and Lyn West on the 13th.

Kim was also successful

with the straightest drive

on the 18th to round off a

day thoroughly enjoyed by

all participants.

The next mixed organised

by the ladies is scheduled

for November 25 with a

USA theme to tie in with




October 6: The best

weather for a while with

warmth, sun and calm air

saw a field of five ladies

and 11 gentlemen drawn to

play in the weekly

Freshstop mixed

Stableford Alliance


Visitors Tony Manderson

and Paula Grobbelaar

partnering Tim Leach and

Rose Calmeyer Leach were

winners on 88 points. Just

behind on 87 points in

second place was the

covey of Barrie Brady,

Bryan Robinson, James

Weisters and Heather van


Kevin Maree, Margie and

Brian Reid’s fairly

respectable 76 points

claimed the Energade.

Bryan was successful with

the only two-club of the

day on the par three


Pogs Smith was closest

the pin on the eighth to

take home the bottle of

wine donated by the


No nett scores under 70

were achieved.


Tuesday October 2: A field

of 27 players reported for

the draw, despite warnings

of winds approaching gale

force, to be drawn in 3

balls to play a fiendishly

Finlay Alliance Stableford

two scores to count

multiplication competition.

With no one quite sure of

what a good or bad score

might be Arnie Schultz,

Andy Stembridge and Paul

Fryer put together 85

points to come in winners.

Roger Kidson, Dale

Wisener and Tom Tagg,

thinking they may be in

trouble, were pleasantly

surprised that their 77

points was worthy of

second place in the


Setting a new record in

KGB competitions Heinz

Czepluch, Don Tomson and

John Muggeridge grasped

the Hamer en Sukkel firmly

in both hands with 50

points to the delight of the

rest of the field.

Nick Oosthuizen birdied

the par three sixth only to

be overtaken by Dave

Curran with a similar feat

on the 11th to take the

two-club pool.

The wind put paid to any

scores below 70 nett.

Friday October 5: A

reversal in wind direction,

to an easterly that ran at a

moderate pace, saw 40

players in the draw to play


Time Trial: October 4


1. Nosipho Vazi 29:16


1. Lukhanyiso

the normal standard

Stableford Alliance two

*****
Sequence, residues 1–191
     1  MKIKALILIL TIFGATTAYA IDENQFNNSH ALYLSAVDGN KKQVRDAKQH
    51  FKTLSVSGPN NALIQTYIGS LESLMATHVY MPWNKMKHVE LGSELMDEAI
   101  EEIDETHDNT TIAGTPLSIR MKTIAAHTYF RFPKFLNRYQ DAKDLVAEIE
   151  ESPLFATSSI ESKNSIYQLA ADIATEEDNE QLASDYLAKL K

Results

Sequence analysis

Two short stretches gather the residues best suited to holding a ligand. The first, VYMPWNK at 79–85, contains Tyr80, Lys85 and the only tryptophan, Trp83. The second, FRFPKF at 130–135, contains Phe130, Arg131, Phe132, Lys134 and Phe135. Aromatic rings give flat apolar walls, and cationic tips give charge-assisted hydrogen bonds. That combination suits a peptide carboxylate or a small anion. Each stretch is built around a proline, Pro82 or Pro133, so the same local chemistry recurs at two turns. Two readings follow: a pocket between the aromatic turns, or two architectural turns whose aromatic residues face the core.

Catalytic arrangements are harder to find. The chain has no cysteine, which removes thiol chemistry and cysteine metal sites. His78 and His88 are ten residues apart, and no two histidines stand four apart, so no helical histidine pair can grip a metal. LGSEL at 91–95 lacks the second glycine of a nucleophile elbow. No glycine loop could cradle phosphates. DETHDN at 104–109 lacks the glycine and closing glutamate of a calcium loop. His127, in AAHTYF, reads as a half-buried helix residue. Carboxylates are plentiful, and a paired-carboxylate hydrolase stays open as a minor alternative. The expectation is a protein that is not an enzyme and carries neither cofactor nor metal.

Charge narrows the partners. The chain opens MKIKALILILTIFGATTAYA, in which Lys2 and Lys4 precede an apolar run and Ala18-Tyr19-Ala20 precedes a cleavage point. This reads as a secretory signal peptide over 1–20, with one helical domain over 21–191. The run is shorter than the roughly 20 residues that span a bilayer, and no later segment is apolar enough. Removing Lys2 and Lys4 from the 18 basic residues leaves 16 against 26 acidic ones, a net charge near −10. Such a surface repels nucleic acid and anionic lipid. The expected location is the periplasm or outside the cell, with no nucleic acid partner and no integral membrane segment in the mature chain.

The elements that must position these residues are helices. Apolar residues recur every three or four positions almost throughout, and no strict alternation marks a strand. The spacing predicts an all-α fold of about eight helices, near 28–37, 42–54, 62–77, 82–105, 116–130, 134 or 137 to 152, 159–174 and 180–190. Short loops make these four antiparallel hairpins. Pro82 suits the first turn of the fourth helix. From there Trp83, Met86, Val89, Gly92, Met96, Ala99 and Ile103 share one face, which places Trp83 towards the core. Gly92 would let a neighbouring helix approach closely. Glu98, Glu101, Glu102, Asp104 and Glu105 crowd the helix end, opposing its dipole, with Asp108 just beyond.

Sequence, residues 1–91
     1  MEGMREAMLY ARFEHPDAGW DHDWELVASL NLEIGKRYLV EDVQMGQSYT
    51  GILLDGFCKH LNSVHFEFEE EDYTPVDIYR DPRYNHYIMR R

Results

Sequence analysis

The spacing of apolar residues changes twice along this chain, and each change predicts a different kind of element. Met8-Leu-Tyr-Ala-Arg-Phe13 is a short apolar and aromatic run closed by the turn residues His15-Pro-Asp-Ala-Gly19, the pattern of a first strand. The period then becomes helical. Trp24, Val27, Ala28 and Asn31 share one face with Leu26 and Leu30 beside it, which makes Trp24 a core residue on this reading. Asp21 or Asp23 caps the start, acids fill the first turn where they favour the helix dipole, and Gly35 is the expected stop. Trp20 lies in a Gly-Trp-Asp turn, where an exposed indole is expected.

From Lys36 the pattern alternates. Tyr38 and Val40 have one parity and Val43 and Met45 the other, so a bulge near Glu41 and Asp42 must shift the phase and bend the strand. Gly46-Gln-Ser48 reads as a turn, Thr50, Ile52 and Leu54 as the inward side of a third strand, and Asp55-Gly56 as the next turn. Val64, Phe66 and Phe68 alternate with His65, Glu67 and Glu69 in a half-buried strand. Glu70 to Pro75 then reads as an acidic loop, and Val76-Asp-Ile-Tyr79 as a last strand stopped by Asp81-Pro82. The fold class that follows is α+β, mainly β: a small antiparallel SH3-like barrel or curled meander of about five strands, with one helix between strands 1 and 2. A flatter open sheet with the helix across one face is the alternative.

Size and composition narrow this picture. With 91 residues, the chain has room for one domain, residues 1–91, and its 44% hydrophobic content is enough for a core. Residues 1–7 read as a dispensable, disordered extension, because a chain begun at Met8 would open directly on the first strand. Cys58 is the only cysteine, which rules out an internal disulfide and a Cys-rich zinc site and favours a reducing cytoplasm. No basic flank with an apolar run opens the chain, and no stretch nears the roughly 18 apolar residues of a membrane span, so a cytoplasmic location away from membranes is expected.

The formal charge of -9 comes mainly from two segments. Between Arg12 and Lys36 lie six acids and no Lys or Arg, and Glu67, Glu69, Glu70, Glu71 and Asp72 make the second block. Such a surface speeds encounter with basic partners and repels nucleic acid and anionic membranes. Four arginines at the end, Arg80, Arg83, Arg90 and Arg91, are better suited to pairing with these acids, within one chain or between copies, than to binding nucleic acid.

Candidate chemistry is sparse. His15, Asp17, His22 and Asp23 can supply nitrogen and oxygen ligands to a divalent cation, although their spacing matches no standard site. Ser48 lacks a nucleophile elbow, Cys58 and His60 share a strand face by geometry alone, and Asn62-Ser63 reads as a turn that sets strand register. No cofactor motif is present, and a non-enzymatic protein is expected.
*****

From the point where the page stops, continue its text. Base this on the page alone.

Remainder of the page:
scores to count the KGB

competition. The KGB

players ran their

competition in conjunction

with the Damant Lodge

fund raising golf day, all

players participating in the

fund raising.

The coveys of Mark

Warren, Arnie Schultz,

Peter Reed and Paul Fryer

as well as Bob Shaw,

Martin Lambrechts, Dallas

Cowie and David

Groenewald both finished

on 88 points to win the

KGB competition.

The Hamer en Sukkel was

subject of a boisterous

struggle with Roger

Kidson, Chris

Niebieszczanski, Cliff

Roberts and Gavin

Richards pipping the rest

of the field to the much

avoided trophy with their

72 points.

Heinz Czepluch and Tom

Tagg both birdied the par

three sixth, Barrie Brady

copied suit on the par

three eighth but Graham

Finlay with a similar feat

on the 13th took the

two-club pool.

Neil Loundar and David

with nett 69’s and Barrie

with a nett 68 recorded the

best rounds of the


Ntengu 26:27

2. Siphosethu

Magwaxaza 26:27



WINNING FOURSOME: RPAGC Ladies’ Mixed Winners, from left, Charlie Poulton, Margie Siegers, and Kim and Steve Gardner

This past Saturday we

held our annual 27km and

10km Buco Pineapple


The event went off

extremely well. A big

thank you to all the club

members who helped with

marshalling, refreshment

stations, the start and the

finish. Without you this event

would not be possible.

A special word of thanks to

Alex Weed and Marietje Robb

for all the hours and tireless

running around that they put

in to make the race a success.

All the workers had their

chance to run the race on

Sunday. A total of 14 of them

lined up to race. This was

followed by a well-earned braai

at the Country Club. Thanks to

Rob Joiner, Pauline Weed and

Anel for arranging it.

Sizakele Dayimani as usual

raced to victory in 1 hour 39


... runners with pride

minutes 23 seconds, followed

by Zamile Xanti in 1:52, Rick

Betts 2:07, Alex Weed 2:29,

Mike Nelson 2:38, Marianne

Stiglingh 2:39, Sticks Stiglingh

2:40, Leah Shanks 2:45, Dave

Sansbury 2:45, Nellie Phiri

2:56, Zanelle Venter 3:09,

Marietjie Robb 3:16, Lungisane

Mtsatshe 3:21, Lulu Mceka


On Sunday October 21, we

are arranging a two-hour

sunset cruise on the Lady

Biscay. Only 40 seats are

available. It is R50 per person,

snacks provided and cash bar.

Come and join us for a relaxed

fun afternoon. Please contact

Alan Robb to book your seats.

Happy running/walking.

Time Trial: October 2

8km Run

Lethemba Jekana 32:14

Xamile Xanti 33:20

Richard Legg 35:38

Rick Betts 35:38

Alex Weed 40:53

Mike Nelson 42:10

Gerald Greef 47:15

Leah Shanks 49:36

5km Run

Jeremiah Dayonashe 18:26

Sizakele Dayimani 18:47

Asakhe Solwadle 21:02

Sinethemba Jilingisi 21:40